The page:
Approximately 2% of all children at any one time have a urinary tract infection. After the first infection it is currently recommended that patients undergo a VCUG and a renal imaging study. Doctors are sometimes reluctant to order the invasive VCUG until other infections occur. Of the VCUGs performed, approximately one of three patients will have vesicoureteral reflux. The reflux is graded and treatment is assigned on the basis of severity. About three-quarters of the patients are assigned to medical management and are screened with a VCUG each year until their reflux resolves. This averages about three years of waiting before resolution occurs. Patients who undergo surgical correction of their reflux also require a follow-up VCUG to evaluate the success of the procedure. Patients with enuresis either at night or during the day are evaluated with VCUGs on occasion. Since the test is currently invasive it is withheld until the patients are older or unusual symptoms indicate its necessity.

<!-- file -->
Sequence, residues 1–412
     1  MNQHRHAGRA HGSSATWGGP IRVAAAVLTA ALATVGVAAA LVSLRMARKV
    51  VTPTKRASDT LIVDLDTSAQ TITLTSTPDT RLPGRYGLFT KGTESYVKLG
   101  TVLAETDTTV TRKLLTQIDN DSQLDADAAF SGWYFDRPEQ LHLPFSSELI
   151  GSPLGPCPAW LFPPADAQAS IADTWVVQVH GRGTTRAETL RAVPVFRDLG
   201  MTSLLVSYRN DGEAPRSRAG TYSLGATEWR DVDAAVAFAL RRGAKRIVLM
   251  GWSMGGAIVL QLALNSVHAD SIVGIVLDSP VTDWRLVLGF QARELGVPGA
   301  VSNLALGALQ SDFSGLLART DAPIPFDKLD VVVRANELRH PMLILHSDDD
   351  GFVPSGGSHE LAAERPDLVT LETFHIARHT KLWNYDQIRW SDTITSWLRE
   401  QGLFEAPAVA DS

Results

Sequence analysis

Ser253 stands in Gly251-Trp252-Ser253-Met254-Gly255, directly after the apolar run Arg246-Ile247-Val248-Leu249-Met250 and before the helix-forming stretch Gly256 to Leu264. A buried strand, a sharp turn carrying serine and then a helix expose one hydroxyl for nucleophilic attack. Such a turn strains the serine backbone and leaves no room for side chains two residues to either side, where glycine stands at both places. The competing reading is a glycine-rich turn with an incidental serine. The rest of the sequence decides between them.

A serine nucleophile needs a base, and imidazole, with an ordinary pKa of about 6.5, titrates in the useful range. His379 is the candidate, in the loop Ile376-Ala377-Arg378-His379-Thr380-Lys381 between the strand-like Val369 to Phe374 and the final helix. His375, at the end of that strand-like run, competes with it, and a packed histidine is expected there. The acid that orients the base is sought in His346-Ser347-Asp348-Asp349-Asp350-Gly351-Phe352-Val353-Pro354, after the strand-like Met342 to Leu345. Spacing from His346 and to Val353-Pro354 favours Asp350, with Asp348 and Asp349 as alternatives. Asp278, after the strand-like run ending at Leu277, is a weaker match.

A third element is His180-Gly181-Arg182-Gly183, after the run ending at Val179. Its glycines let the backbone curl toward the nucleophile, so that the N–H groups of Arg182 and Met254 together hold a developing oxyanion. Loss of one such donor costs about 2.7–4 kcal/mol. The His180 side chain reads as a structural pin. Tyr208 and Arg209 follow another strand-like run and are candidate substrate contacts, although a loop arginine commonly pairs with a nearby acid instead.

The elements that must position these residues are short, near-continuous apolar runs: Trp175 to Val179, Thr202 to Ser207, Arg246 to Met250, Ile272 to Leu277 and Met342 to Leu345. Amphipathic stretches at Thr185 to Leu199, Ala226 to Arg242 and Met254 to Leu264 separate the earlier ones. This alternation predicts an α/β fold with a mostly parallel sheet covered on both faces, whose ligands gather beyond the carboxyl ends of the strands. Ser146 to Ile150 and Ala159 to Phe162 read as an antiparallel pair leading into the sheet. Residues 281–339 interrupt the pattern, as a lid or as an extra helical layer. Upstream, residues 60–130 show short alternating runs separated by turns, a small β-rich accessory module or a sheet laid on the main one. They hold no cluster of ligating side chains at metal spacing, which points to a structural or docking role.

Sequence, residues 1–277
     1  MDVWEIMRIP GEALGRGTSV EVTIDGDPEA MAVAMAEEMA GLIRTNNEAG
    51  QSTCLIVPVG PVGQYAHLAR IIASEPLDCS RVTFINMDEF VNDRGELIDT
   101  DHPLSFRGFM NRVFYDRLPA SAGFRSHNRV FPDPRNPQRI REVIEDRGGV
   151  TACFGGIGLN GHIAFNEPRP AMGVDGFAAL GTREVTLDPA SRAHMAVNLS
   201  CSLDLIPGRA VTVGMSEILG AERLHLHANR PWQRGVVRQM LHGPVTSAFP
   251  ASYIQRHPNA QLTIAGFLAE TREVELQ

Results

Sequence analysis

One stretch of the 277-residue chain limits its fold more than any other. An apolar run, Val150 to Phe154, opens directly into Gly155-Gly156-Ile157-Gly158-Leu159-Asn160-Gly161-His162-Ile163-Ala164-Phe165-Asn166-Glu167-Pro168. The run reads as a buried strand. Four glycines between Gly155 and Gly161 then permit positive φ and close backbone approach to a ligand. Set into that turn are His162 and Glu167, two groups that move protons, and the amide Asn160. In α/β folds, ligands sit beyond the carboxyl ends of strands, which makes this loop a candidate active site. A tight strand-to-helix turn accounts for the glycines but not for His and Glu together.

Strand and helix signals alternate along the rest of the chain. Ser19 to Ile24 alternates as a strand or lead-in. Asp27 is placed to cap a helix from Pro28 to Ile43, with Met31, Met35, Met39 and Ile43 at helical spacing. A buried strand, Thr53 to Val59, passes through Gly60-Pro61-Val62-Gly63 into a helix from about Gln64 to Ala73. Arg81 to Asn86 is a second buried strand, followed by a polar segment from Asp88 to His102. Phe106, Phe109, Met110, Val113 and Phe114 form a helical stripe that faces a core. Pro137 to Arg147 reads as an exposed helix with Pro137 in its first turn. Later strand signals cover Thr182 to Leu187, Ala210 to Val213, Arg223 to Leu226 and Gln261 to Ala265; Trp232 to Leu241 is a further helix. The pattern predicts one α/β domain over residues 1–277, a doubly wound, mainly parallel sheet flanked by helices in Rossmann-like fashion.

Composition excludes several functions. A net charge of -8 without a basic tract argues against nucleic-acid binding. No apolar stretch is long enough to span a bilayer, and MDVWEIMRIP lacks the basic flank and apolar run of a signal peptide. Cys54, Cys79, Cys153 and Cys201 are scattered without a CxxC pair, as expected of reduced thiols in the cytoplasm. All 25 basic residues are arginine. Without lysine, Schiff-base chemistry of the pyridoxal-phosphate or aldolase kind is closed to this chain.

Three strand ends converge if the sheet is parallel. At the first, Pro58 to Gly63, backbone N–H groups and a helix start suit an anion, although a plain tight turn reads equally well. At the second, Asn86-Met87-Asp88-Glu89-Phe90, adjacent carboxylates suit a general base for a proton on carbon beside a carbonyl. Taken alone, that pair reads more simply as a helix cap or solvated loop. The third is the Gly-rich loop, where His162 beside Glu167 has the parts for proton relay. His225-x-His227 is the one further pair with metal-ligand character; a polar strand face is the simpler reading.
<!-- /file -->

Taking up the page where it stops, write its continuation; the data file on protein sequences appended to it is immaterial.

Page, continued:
To synthesize these numbers in Group 1, every patient would need a VCUG. In Group 2, all children should have a VCUG and one out of every three would need a VCUG. Group 3 would still have a significant number of studies and if noninvasive technology was available even more studies would be performed. While adults undergo VCUG's less frequently, the procedure is still uncomfortable and simple, relatively inexpensive, noninvasive studies would still be desirable.
The warming of tissue in humans using external energy has been previously described, for example using microwave technology in urology to a limited extent for treatment of tumors in adults. (Hornback, Hyperthermia and Cancer: Human Clinical Trial Experiments, Vol. II, CRC Press, Boca Raton, Fla. (1984)). Radio frequency and electromagnetic radiation have been used to treat tumors. (U.S. Pat. No. 3,991,770 and U.S. Pat. No. 4,140,130). Microwave radiometry has been used to measure body temperatures (U.S. Pat. No. 4,583,869) for diagnosis, for example for tumor detection (see Foster and Cheever, Bioelectromagnetics 13:567–579 (1992)).